Environmental Protection

Latest Articles


Back from vacation

Governor Paul LePage recently returned from a Jamaican vacation, which provided fodder for some political controversy, and probably helped him avoid getting into new messes.
Gubernatorial Scorecard

Running a clean race

Johnny and his crew of knuckleheads were playing a round of ding-dong ditch in the Back Bay when they were spotted by a cop.
Charles River weekend
By NEELY STEINBERG  |  May 01, 2009

The shovel-ready lessons of the New Deal

Action Speaks!, AS220's always-engaging panel discussion series, is back. "So soon?" you ask. Why, yes.
Action speaks!
By DAVID SCHARFENBERG  |  April 24, 2009

29. Lang Lang

Sure, he can bang bang on the piano, but can he collect all the Dragonballs in time to save the planet? Someone needs to tell this chipper phenom with the Goku hair that while his own playing gives him orgasms, not all of us are getting off.
Sure, he can bang bang on the piano, but can he collect all the Dragonballs in time to save the planet? Someone needs to tell this chipper phenom with the Goku hair that while his own playing gives him orgasms, not all of us are getting off.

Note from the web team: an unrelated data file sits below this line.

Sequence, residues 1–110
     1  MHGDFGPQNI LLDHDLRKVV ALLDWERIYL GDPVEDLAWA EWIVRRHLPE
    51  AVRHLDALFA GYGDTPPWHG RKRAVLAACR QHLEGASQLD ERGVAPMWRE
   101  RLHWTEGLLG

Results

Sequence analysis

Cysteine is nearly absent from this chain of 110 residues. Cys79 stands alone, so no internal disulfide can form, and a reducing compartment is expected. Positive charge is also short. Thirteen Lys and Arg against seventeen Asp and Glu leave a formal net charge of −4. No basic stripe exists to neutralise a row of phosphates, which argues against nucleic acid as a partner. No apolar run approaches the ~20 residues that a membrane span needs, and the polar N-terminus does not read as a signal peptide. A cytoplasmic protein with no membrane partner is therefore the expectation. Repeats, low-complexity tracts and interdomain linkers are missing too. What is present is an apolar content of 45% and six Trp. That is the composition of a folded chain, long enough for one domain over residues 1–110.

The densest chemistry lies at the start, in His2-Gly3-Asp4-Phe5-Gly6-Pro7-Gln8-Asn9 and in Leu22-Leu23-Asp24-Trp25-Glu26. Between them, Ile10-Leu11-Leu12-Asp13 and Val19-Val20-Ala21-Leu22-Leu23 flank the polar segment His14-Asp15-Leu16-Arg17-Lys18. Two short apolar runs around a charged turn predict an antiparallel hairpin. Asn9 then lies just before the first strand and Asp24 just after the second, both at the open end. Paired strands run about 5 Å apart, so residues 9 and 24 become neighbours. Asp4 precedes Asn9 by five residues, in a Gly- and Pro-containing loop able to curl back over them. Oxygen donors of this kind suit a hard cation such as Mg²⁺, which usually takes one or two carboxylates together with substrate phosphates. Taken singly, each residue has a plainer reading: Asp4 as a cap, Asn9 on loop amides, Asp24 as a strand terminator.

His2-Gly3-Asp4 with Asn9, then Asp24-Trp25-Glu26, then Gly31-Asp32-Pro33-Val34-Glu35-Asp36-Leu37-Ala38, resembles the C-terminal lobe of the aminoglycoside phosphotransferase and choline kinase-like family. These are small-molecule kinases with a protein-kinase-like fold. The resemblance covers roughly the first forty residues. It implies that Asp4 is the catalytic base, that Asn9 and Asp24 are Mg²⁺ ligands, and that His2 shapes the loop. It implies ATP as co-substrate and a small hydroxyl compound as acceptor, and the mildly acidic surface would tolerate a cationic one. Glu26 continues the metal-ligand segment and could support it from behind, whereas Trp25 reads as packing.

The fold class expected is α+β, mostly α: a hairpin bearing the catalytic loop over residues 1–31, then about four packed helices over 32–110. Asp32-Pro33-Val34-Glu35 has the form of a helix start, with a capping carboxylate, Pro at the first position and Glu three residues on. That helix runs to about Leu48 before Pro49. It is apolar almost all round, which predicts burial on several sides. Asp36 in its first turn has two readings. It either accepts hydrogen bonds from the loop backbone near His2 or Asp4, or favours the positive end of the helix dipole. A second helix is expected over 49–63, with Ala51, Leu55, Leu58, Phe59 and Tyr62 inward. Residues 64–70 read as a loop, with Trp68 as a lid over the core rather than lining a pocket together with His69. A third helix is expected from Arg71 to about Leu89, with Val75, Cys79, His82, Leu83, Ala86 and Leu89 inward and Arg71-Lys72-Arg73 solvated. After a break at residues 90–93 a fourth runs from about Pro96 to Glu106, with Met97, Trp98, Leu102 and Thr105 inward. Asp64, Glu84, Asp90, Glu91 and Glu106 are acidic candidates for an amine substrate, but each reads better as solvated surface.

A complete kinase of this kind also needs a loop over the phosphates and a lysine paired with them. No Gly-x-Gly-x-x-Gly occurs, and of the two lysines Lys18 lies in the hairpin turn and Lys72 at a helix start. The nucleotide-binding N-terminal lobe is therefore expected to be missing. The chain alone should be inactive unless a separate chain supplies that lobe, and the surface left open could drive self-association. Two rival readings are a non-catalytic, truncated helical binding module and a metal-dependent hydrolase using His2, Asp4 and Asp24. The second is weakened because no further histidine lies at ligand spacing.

By Boston Phoenix Staff  |  March 26, 2009

Saving the earth

Former Green gubernatorial candidate Jonathan Carter's 120 acres in Lexington township will be the first-ever officially designated "carbon sequestration forest." It remains to be seen whether they will also be the only one.
Seeing the climate-change forest for the carbon-storing trees.
By DEIRDRE FULTON  |  February 25, 2009

Mountains, not windmills

I just read your article (" Transmission Troubles ," by Deirdre Fulton, February 13) in the Portland Phoenix, great article.
Portland Phoenix Letters: February 27, 2009
By Portland Phoenix Letters  |  February 25, 2009


Youth infusion

In DeLeo's restructuring, white, non-Hispanic men older than 45 fell from power in droves.